Perspectives on History – May 2009

Perspectives on History - May 2009 - Intersections: History and New MediaThe theme of the May 2009 issue of Perspectives on History centers on how new media (web sites, wikis, Google, and more) intersect with history. AHA president Laurel Thatcher Ulrich begins this exploration with her article “Erasing History.” In it she explains how the “digital revolution not only offers new ways of researching and disseminating history… [i]t is also creating new topics for historical inquiry.”

Intersections: History and New Media
Robert B. Townsend
introduces the broad array of new media articles in this issue in “Viewing History at the Intersection of Past and Future,” and comments that these “essays consider how the new media of the internet are changing the practice of history in our capacities as scholars, teachers, and general disseminators of knowledge of the past to the general public.”

The essays in this issue take up the theme from different angles. Some ask broad questions and look at how new media affects general concepts (narratives, data) and whole disciplines (public history), while other articles concentrate on specific new media projects and programs.

New Media – Broad Looks
Essays with a broad take on new media include:

New Media – Projects and Programs
Sometimes the best way to discuss a topic is to point to concrete examples. The authors of the following articles deconstruct new media projects they’ve been a part of.

The History Engine allows students to work like a historianThe History Engine
A number of articles in this issue address the History Engine, a web site (that we’ve covered on AHA Today in the past) that allows students to create articles in a way that teaches them how to do the work of a historian.

Believe it or not, there are even more (non-new-media) articles in the May issue of Perspectives on History. The News section covers salaries, degree numbers, missing newspapers, new prizes, a German resource, and a “counterfactual” movie on JFK.

We also continue the Timelines series by presenting the Minutes of the 1909 Business Meeting.

John Hope Franklin continues to remain in many historians’ hearts and minds, and three articles in this issue remember him: Leon F. Litwack’s “Remembering John Hope Franklin,” Mary Frances Berry’s “Franklin, the Quintessential Scholar Activist,” and David Barry Gaspar’s Franklin: The Mentor in My Memory.”

In AHA and coalition news, read an Open Letter from Robert A. Schneider, Guggenheim Fellowship winners, a look at openness and transparency in government, and more.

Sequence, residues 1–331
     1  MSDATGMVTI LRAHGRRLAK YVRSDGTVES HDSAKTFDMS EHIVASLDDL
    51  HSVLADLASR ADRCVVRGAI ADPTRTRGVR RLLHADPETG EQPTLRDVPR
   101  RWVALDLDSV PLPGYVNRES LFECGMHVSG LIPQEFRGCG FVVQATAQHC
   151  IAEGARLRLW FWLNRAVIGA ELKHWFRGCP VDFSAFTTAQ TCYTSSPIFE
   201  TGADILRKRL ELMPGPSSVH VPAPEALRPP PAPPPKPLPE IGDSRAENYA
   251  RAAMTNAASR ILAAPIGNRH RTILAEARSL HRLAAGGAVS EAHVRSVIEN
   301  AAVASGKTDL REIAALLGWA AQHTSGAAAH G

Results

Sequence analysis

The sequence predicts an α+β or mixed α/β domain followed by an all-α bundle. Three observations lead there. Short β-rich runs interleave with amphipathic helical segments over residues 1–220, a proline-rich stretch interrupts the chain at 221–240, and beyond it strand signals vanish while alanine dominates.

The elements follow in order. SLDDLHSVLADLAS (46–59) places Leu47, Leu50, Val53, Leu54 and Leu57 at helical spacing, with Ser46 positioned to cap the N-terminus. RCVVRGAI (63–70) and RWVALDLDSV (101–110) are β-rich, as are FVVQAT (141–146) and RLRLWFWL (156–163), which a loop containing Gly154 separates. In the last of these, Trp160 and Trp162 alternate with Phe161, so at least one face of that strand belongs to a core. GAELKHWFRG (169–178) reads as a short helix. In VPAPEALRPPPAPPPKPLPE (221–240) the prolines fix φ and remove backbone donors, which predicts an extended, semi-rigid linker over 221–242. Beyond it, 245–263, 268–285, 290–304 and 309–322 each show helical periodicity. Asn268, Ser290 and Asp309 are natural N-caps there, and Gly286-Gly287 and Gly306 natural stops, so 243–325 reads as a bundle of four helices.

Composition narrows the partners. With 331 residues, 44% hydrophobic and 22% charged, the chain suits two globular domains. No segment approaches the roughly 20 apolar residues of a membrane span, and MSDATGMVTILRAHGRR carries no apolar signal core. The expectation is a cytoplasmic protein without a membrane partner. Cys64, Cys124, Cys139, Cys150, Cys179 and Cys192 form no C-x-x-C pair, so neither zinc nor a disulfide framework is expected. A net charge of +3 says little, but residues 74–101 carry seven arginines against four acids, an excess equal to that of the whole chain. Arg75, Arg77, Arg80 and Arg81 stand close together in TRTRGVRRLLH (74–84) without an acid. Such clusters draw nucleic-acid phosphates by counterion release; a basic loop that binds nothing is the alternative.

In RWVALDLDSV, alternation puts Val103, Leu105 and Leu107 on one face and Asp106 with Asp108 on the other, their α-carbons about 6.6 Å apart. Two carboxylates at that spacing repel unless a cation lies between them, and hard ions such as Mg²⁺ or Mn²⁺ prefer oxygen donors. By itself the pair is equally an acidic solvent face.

Finally, four historians are recognized in the “In Memoriam” column: Robert I. Burns, S.J., Miriam Usher Chrisman, Charles Adams Hale, and Henry Ashby Turner Jr.

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  1. Sharon E. Williams

    Looking forward to reading the online issue. Another issue that might be explored is whether non academics who blog about history help or hinder the study of history. There are many of us who just love our topics and want to share.

  2. Laurie Kubitz-Maness

    The Denver Public Library’s Western History department is looking forward to communicating with the world using new media and sharing the hidden treasures of our Library. We hope that you will participate by sharing your knowledge with us.

    Sharon, that is an interesting point you bring up. In the library world, we look at Web 2.0 as an opportunity to educate people about how to find reliable, quality information. I say, share away!

  3. John Sadberry

    This issue of Perspectives is the best and most broadly encompassing to come out since I’ve been a member of the AHA. The implications of information technology on the future of historical research go far beyond mere mechanics, but in the very way that the study of history is conducted. The efficient availability of information will change fundamentally the kinds of questions we are able to ask and from sources. I hope to see the AHA and the many organizations of history continue to genuinely explore these implications, and treat them as more than mere novelties.